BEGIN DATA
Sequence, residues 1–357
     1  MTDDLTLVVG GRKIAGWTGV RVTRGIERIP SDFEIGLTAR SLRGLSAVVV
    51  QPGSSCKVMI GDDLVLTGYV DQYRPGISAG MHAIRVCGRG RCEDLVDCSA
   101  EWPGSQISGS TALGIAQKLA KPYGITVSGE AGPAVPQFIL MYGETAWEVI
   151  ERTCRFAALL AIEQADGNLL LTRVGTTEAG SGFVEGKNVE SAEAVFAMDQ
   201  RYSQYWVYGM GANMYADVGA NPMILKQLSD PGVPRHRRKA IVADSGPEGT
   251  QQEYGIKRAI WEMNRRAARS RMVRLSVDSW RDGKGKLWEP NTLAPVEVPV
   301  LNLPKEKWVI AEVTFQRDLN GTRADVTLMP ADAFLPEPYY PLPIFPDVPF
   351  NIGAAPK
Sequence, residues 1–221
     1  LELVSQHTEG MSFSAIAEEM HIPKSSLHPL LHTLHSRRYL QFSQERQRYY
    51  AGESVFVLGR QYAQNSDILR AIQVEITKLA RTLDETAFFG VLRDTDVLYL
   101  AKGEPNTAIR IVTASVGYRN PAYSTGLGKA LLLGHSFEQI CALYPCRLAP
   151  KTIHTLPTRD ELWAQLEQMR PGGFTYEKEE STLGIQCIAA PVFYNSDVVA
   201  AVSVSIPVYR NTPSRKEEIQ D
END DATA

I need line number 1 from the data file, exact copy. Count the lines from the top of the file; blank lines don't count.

Sequence, residues 1–357